Your observations of the reckless and unclean way our people relate with nature like the rivers, is alarming. Realising that many villages depends on these rivers for the water supplies. However, such experience do help Nigerians in Diaspora, realise the backward state of human living conditions in our country, and indeed the entire Africa continent.

Like you rightly mentioned, many cities dont have regular Power supply, due to wrong policies of diffirent administrations that had headed government in that country. I have hard many saying, I will never go back again after a holiday visit to the land of our birth. I believe this experience should be a challenge rather than discouragement. One person or group of persons in their right mind can make a difference in their communities, while helping to put some important structure in place in their community. It is not enough to cry over the article of Benedicta, it is a reminder, that we have a responsibility to our community.

Star November 6, 2006 - 8:39 pm

Excellent job -t-

Second read was even better than first.

Keep up the good work.

Ernest Bhabor November 6, 2006 - 11:55 am

This is one of the most original and heartfelt pieces I have read in a long time. This makes you nostalgic and lonely all at once even in the midst of a large crowd. Memories of my childhood in Warri, Delta State came flooding in…and I couldn't help but shed a few tears…tears for those glorious days that will never come back. This makes you want to get up and go HOME! Great job!

Magnus Williams November 6, 2006 - 12:58 am

Benedicta's article brings a special warmth to my spirit as I also take a trip back in my minds eye, as I see some of my growing up scenes and those folks that I also grew up with, most especially as I have just made contact with an old university colleague. I had not seen him or heard from him since he graduated some 36 years ago.

obi, USA November 4, 2006 - 3:48 pm

wao!!! well written article. so difficult to comment on it after all the good things other people wrote above.

enitanmason@gmail.com November 4, 2006 - 1:14 pm

I am incredibly happy that you have found home right where it's been all aong…inside of you. Your writing is so beautifully refreshing because of the honesty and lack of pretention. Live well and live long.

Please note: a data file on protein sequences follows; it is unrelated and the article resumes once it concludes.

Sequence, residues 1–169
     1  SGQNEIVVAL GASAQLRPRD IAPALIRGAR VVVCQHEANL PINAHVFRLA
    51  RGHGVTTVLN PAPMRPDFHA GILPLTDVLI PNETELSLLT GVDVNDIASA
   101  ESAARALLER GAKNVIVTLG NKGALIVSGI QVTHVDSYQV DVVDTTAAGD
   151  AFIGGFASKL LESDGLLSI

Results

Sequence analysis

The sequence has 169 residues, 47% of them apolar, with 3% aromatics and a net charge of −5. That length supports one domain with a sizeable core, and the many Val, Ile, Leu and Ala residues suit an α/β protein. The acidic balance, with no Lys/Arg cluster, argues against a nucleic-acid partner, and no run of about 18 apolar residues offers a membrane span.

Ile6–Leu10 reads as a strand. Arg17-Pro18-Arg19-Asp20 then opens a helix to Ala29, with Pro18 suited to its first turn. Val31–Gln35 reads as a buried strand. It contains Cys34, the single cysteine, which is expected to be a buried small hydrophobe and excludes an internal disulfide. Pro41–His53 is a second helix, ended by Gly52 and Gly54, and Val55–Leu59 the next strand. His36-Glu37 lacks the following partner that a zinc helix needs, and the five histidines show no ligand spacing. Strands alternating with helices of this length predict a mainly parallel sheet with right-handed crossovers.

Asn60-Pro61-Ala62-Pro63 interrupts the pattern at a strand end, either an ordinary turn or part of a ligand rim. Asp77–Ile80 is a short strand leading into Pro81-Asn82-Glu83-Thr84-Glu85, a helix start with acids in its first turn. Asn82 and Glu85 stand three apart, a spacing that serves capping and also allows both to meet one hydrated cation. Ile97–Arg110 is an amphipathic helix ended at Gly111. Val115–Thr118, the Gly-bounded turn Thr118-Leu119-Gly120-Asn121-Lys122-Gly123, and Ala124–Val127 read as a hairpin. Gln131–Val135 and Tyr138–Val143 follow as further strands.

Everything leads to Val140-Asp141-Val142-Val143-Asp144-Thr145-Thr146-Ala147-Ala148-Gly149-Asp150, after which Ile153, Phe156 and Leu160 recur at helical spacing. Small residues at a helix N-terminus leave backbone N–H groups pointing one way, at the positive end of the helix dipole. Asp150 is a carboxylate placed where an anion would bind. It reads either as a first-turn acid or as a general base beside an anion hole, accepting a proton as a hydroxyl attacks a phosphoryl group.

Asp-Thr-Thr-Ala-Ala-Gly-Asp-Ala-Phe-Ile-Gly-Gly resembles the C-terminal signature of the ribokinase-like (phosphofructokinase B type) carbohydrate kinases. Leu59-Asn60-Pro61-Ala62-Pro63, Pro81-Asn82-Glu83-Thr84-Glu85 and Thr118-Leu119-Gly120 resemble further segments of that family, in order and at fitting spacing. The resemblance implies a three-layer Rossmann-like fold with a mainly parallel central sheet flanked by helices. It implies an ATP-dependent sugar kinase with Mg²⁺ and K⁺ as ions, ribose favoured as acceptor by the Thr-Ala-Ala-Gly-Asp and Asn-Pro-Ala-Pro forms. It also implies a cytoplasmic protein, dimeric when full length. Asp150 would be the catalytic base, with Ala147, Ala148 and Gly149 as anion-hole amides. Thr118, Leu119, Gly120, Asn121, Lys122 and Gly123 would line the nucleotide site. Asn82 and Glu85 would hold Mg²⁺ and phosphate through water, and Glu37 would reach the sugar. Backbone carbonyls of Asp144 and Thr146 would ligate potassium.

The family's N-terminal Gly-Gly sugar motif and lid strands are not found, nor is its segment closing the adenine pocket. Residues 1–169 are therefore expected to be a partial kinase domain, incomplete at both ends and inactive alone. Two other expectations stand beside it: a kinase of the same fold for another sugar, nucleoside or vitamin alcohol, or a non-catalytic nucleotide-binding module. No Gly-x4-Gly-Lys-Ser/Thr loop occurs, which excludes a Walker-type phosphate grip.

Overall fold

Andrea November 4, 2006 - 10:52 am

Absolutely beautiful! I love reading your stories!

Asuquo Ema November 4, 2006 - 10:15 am

Your article was great and well written.

I felt sad after reading it because it reminds me of a memory lane I would like to take myself by visiting Zaria in Kaduna state where I grew up. I have very fond childhood memories of that time in my life.

You mentioned in this article that you wonder whether your kids would one day want to trace their roots back to your homeland. I urge you to make it your number priority to take them there for a visit so that they can begin to establish a personal connection with their mother's ancestry. If you wait till they are older it will be too late.

Pete McKenzie November 3, 2006 - 11:16 pm

Titinta – You and I corresponded on "Vox". You were intelligent there and this story is also intelligent and insightful. I hope your mom and family are well. There are such difficulties in Africa now. I will read Mouthpiece for information about your family's welfare. I do hope I was not TOO rude on Vox, but I know that I was. I hope not to you. For you are intelligent. I hope you are happy here.

Ladymars November 3, 2006 - 11:10 pm

Reading this the second time, I love it as much as I did the first time. I'm very proud of you!

10 November 3, 2006 - 10:10 pm

Very nicely articulated story. I now have greater insight to something I knew very little about. Great Writer.

Tony Kula November 3, 2006 - 7:13 pm

All i can say is you did a very very good job in writeing this story, My hat is off to you girl. You are on the road to success.

Cluelessone November 3, 2006 - 6:56 pm

Great article and well written. Easy to follow and get a feeling for the author.

Rosie November 3, 2006 - 6:13 pm

Great description, good narrative. Can't wait to go home. (Did someone really offer you a lot of money to help them come to America?"

Jet November 3, 2006 - 5:58 pm

Great. I really enjoyed this story. Great Job.

Bigmoney November 3, 2006 - 4:55 pm

Great job

cheps November 3, 2006 - 1:36 pm

fantastic write up,it brought back a lot of memories for me and some tears.Keep up the good work!!

Anonymous November 3, 2006 - 12:28 pm

A very poignant write-up.

Abavogirl November 3, 2006 - 11:15 am

Ohhhh my God!!! You're from my mum's place. I remember going to fetch water from the Orogodo river when we went there during holidays.

Your writing style is so easy to follow and melodic. Keep up the good work.